Tetraplegia Injury Compensation Claims

If you have been affected by tetraplegia, we can help.

If your injuries were caused by someone else's actions or negligence, you may be entitled to claim compensation.

Claiming injury compensation with a solicitor

You can make a compensation claim with the help and support of a personal injury solicitor.

Your solicitor will ask you about what happened, and they will collect evidence to prove what caused your injuries. Your solicitor will also work out how much money you can claim, based on your injuries, lost earnings and other expenses.

We can help you make a personal injury compensation claim on a No Win No Fee basis.

In this article


In the UK, approximately 1,200 people sustain some degree of paralysis each year.

Tetraplegia, also known as quadriplegia, is recognised by the courts as having a life-altering impact on affected individuals and their families. Compensation awards are consequently high for paraplegia injury claims, particularly those relating to quadriplegia.

High level paralysis is usually the result of damage to the top section of the spinal cord, for example, the injuries sustained in a very serious road traffic accident or fall.

Continuing to work is rarely an option, and the majority of people affected by the injury will need ongoing, full-time support. Given the costs associated with this care, getting the right amount of compensation is critical. If you have suffered a spinal cord injury as a result of another party's negligence, you may be eligible to claim compensation.

Tetraplegia compensation claims

Many accidents can potentially lead to a spinal cord injury, and particularly in cases where an individual sustains a neck injury. The most common accidents include:

Tetraplegia may also result in a medical negligence claim, for example as a result of a birth injury, surgical negligence relating to a failed operation to the neck or spine, or misdiagnosis.

Compensation for tetraplegia-related injuries

Tetraplegia generally affects one or more of the top eight sections of the spinal cord and as a result injured individuals will experience other symptoms beyond the paralysis itself. The calculation of the compensation award or settlement may consider the nature of the paralysis, both sensory and motor, along with other complications, including:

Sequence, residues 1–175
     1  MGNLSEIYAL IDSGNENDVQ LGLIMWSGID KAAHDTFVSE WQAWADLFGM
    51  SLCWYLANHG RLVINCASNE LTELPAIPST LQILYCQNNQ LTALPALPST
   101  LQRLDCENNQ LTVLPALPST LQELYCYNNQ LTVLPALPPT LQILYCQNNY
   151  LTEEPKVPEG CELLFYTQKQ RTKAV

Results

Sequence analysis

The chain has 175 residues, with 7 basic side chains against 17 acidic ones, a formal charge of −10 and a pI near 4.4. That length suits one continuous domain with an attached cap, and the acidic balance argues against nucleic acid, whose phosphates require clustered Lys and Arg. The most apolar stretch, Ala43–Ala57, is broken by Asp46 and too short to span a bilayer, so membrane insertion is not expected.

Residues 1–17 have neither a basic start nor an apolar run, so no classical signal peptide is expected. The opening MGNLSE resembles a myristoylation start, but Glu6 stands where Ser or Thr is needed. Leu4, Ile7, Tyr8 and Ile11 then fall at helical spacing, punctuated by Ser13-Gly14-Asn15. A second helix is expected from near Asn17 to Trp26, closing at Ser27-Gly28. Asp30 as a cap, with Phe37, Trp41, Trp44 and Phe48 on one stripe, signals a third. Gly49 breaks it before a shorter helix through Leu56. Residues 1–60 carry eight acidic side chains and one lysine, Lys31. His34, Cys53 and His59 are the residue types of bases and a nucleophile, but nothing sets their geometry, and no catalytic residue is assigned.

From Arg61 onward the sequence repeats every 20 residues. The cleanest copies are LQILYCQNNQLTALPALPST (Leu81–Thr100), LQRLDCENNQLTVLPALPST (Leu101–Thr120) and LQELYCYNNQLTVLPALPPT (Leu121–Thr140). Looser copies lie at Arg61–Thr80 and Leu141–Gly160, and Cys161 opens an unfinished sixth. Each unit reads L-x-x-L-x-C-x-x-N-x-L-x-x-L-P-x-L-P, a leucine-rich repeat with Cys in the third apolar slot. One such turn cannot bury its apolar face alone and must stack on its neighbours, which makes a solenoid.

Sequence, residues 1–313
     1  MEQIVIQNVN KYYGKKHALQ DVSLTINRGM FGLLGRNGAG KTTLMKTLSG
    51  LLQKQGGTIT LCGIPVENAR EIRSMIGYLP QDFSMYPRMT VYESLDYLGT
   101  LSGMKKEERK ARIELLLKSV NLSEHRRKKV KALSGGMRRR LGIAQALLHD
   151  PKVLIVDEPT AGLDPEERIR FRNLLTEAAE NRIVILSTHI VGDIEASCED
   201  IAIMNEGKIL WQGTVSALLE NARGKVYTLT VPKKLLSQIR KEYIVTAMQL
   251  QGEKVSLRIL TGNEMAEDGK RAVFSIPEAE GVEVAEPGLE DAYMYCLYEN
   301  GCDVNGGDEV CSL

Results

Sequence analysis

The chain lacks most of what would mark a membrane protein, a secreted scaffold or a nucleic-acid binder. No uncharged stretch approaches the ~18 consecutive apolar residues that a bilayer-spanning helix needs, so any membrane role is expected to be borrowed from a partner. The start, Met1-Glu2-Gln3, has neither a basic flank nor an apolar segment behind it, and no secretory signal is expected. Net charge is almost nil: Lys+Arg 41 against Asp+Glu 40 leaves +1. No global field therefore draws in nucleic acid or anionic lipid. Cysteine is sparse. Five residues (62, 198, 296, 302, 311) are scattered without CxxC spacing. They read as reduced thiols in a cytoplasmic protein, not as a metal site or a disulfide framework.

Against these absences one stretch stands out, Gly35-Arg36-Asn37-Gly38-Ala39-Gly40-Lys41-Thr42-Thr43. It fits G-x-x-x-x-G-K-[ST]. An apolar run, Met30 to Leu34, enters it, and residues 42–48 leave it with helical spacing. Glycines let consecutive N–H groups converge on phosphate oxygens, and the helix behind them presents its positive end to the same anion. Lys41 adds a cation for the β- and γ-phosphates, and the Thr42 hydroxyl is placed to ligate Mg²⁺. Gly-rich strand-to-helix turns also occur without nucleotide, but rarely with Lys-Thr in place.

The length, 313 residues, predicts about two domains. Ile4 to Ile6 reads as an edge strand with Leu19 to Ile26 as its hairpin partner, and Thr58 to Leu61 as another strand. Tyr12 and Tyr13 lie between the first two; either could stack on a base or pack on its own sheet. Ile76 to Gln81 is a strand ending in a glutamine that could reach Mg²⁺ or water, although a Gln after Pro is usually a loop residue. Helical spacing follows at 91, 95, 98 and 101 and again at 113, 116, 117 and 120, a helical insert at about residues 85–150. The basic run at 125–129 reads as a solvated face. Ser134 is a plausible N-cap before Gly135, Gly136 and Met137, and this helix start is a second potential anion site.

• Loss of digestive function
  • Bowel and bladder incontinence
  • Respiratory problems
  • Low blood pressure
  • Pressure sores
  • Frozen joints
  • Deep vein thrombosis
  • Osteoporosis

Symptoms vary depending on where the injury takes place. Damage to the highest vertebra in the neck typically will result in loss of function from the neck down, and the patient may require a ventilator. Patients with damage to the lower vertebrae may be able to live independently in some cases.

Compensation and the costs of care

Tetraplegia is a complex injury that requires careful management. Because complications such as deep vein thrombosis can occur as a result of the loss of movement, it is important that anyone living with quadriplegia receives the best possible care and assistance.

Medical costs and long-term personal care costs invariably are assessed as part of a tetraplegia compensation claim. Compensation can also cover the cost of making adaptations to the home as well as the cost of specialist equipment such as powered wheelchairs and portable hoists.

Compensation is assessed on a case-by-case basis by reference to the seriousness of the injury and the physical and psychological effect it has on your life.

However, the Courts recognise that tetraplegia is an irreversible condition causing considerable mental anguish and claims are typically of a high value to reflect this.

Will I have to go to court?

Highly unlikely. Solicitors settle the vast majority of claims out of court.

Less than 5% of personal injury claims go to court. Generally, only very complex cases, or those where liability cannot be resolved, end up in court.

Cases that do ultimately go to court are decided by a judge or magistrate, not a jury.

Even if the claim does go to court, it is very unlikely you will have to attend.

Read more:

Will my injury claim go to court and what if it does?

How does no win, no fee work?

With a no win, no fee agreement (known as a 'Conditional Fee Agreement' or 'CFA') you can make an injury claim without having to pay upfront legal fees. If your injury claim is unsuccessful you won't have to pay any money to your solicitor.